And the all-black set is housed in a black cabinet so that when you're
    viewing, the part of the screen being used is really the only thing
    you notice. The black-bars disappear from consciousness........
    And of course, for Academy-ratio movies, I've got the benefit of the
    full height available.
    anthony, Dec 12, 2003
    #11
  12. Waterperson77

    damnfine Guest

    "Joshua Zyber" wrote:
    > Fair enough. I should have distinguished between the HD video master and
    > the HDTV broadcast standards.


    Which vary. In Australia, 576p is allowed to be called HD, sadly.


    --
    /^\damnfine/^\
    "Who would have thought that a bad Austrian artist who's
    obsessed with the human physical ideal could assemble such
    a rabid political following?" - TheOnion.com
    damnfine, Dec 12, 2003
    #12
  13. On 11 Dec 2003 05:51:46 GMT, Waterperson77 <> scribbled:
    >
    > That is, 35 mm film has more resolution than HDTV, and therefore, anything
    > filmed entirely on 35 mm film can be broadcast in HD. (such as the original
    > Star Trek)


    HDNet, an HD-only broadcaster, actually has created HD transfers of
    episodes of Hogan's Heroes and Charlie's Angels (among others) from
    the 35mm originals. Looks very nice.

    But as others have pointed out: there's a difference between
    shooting on 35mm and being HD.

    VJM
    Vincent J. Murphy, Dec 12, 2003
    #13
  14. Waterperson77

    Steve K. Guest

    Vincent J. Murphy wrote:
    > On 11 Dec 2003 05:51:46 GMT, Waterperson77 <> scribbled:
    >
    >>That is, 35 mm film has more resolution than HDTV, and therefore, anything
    >>filmed entirely on 35 mm film can be broadcast in HD. (such as the original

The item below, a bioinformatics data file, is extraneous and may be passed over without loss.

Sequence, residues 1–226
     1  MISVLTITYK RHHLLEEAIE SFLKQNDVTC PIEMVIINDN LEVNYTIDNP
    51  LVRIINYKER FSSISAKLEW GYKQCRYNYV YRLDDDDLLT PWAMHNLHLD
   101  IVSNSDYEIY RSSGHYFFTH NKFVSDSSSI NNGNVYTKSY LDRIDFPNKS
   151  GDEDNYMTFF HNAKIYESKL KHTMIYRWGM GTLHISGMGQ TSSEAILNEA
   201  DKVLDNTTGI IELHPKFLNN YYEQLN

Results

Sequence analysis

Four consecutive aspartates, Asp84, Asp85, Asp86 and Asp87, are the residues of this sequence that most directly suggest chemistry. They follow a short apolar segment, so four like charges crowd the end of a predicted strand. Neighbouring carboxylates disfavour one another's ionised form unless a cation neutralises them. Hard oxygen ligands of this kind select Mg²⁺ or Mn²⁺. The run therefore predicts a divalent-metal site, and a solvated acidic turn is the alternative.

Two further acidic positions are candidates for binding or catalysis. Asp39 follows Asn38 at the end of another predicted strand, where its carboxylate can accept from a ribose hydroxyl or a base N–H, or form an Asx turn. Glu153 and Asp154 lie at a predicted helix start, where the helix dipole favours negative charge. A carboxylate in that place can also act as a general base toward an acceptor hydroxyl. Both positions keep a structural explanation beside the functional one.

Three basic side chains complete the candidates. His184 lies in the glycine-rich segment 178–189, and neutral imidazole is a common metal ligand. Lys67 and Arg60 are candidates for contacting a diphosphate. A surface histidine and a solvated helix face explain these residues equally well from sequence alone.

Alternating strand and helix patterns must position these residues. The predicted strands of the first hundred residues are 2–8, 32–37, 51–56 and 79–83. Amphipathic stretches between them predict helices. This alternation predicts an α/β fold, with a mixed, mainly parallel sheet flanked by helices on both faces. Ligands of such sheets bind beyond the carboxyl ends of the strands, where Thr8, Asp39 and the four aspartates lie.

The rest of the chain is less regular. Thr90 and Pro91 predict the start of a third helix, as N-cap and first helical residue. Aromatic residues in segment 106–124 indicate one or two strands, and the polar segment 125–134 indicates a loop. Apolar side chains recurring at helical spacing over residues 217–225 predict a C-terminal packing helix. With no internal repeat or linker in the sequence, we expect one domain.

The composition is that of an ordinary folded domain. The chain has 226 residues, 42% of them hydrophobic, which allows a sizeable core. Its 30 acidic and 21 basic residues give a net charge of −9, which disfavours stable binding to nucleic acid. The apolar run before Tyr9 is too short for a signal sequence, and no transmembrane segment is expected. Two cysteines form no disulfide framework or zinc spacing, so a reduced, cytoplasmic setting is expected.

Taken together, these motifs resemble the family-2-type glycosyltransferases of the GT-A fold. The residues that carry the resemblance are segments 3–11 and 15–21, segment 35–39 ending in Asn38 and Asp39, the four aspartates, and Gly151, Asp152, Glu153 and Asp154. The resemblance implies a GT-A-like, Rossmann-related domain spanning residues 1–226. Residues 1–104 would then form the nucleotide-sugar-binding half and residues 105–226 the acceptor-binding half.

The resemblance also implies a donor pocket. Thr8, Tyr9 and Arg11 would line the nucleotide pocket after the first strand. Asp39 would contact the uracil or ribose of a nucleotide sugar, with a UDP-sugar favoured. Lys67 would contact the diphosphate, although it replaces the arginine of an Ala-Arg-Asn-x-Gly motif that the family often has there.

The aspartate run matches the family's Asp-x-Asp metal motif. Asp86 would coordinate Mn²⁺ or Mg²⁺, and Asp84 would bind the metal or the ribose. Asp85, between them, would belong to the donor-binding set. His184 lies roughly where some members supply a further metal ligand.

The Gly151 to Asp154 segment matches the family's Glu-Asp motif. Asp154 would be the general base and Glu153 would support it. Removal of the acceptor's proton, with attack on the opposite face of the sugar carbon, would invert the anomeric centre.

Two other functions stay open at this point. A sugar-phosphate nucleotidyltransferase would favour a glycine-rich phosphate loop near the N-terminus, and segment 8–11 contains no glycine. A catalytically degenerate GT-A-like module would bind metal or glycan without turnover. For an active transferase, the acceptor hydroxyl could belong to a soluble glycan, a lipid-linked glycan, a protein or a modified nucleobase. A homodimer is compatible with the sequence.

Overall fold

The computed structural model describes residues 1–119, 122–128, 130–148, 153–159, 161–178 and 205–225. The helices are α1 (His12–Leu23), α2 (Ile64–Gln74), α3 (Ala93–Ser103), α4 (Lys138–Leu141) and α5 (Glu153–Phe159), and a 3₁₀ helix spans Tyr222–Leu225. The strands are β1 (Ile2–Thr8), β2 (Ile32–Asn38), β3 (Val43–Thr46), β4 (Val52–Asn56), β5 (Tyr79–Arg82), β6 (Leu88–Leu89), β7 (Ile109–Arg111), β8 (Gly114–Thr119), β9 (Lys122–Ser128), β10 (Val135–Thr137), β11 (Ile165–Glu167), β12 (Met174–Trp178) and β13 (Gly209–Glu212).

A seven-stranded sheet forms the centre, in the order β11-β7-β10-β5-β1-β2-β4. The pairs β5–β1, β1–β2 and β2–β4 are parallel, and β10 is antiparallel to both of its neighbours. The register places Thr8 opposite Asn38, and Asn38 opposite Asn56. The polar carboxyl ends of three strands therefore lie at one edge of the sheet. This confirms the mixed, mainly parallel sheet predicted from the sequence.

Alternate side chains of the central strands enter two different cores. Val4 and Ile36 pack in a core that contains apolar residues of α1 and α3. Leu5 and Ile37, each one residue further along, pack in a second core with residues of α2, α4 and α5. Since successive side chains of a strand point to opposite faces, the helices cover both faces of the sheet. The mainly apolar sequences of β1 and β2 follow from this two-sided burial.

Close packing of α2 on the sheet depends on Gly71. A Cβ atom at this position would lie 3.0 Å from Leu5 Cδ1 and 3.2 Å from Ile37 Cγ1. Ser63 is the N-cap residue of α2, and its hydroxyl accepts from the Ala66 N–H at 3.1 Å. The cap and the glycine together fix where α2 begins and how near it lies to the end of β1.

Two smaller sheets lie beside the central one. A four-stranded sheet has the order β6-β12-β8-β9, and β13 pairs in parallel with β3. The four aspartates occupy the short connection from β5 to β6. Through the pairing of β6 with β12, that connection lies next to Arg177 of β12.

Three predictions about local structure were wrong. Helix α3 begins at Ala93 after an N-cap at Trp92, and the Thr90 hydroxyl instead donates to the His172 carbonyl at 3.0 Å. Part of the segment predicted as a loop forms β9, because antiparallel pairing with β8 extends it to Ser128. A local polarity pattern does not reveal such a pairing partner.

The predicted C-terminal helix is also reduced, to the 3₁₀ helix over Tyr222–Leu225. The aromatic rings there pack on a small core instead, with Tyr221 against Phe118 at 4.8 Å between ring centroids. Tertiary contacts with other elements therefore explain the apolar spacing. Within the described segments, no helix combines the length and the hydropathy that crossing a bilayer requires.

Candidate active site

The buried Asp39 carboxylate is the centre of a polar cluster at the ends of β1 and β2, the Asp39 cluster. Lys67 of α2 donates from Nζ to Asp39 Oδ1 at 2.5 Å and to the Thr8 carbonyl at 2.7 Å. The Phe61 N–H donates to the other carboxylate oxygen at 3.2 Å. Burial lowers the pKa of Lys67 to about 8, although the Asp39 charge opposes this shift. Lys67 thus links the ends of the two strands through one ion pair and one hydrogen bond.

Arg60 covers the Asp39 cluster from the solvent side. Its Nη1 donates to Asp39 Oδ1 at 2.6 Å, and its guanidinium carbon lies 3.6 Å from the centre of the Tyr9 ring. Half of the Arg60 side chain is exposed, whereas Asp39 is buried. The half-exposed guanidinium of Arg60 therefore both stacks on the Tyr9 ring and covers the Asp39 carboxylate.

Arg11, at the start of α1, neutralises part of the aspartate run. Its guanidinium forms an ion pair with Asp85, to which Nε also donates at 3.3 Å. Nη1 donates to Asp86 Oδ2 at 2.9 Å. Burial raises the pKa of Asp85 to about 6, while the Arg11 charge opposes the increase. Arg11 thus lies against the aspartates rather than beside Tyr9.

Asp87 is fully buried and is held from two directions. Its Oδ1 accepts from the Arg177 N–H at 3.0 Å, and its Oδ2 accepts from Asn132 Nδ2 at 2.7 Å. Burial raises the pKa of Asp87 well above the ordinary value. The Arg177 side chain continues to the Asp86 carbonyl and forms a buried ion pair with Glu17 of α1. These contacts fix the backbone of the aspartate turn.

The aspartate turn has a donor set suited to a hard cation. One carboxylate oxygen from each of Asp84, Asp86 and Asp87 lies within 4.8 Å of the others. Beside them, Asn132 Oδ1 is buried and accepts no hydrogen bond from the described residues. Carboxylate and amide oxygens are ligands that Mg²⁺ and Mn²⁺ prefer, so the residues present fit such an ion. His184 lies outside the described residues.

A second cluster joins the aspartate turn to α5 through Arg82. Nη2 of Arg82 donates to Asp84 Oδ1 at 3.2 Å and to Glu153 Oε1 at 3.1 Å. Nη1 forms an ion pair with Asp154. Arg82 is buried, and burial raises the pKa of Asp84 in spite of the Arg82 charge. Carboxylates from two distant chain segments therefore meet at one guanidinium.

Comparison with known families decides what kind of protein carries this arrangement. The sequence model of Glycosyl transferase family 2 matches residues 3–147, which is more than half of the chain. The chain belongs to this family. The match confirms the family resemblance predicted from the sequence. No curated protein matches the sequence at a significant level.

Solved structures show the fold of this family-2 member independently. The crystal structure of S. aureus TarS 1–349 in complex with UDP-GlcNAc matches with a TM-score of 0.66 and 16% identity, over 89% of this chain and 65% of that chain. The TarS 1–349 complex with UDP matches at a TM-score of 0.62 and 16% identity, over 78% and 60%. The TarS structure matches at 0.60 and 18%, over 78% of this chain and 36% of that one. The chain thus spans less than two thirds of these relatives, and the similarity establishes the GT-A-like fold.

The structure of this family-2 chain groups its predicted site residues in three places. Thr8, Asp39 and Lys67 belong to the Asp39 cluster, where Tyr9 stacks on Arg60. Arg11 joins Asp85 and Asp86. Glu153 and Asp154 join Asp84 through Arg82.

>>Star Trek)

    >
    >
    > HDNet, an HD-only broadcaster, actually has created HD transfers of
    > episodes of Hogan's Heroes and Charlie's Angels (among others) from
    > the 35mm originals. Looks very nice.


    Yes, they do look nice. There are slight black bars on the sides.
    Steve K., Dec 12, 2003
    #14
  15. >DNet, an HD-only broadcaster, actually has created HD transfers of
    >episodes of Hogan's Heroes and Charlie's Angels (among others) from
    >the 35mm originals. Looks very nice.


    yes. I've seen HDNET's broadcasts of "Hogan's Heroes" when I had it, and it
    looked nice.

    But what baffles me entirely is that they broadcast it in 16:9 widescreen and
    it still looked good, and didn't seem to be out of proportion!!! and didn't
    seem to be cropped either!!!!! (going by the headroom).

    It was as though it was composed for 16:9 widescreen!!!! But surely "Hogan's
    Hereoe's" wasn't composed for widescreen , since it was made in the 60's for
    tv, which was all 4:3 at that time.

    so I'm completely baffled regarding HDNET's broadcasts of it.

    If it is cropped on HDNET, then showing it full frame would be what some of the
    people in this newsgroup claimed that there's never that much headroom on
    something composed for 4:3

    so I'm totally and completely baffled by it now.
    Waterperson77, Dec 12, 2003
    #15
  16. Waterperson77

    Joshua Zyber Guest

    "Waterperson77" <> wrote in message
    news:...
    > >DNet, an HD-only broadcaster, actually has created HD transfers of
    > >episodes of Hogan's Heroes and Charlie's Angels (among others) from
    > >the 35mm originals. Looks very nice.

    >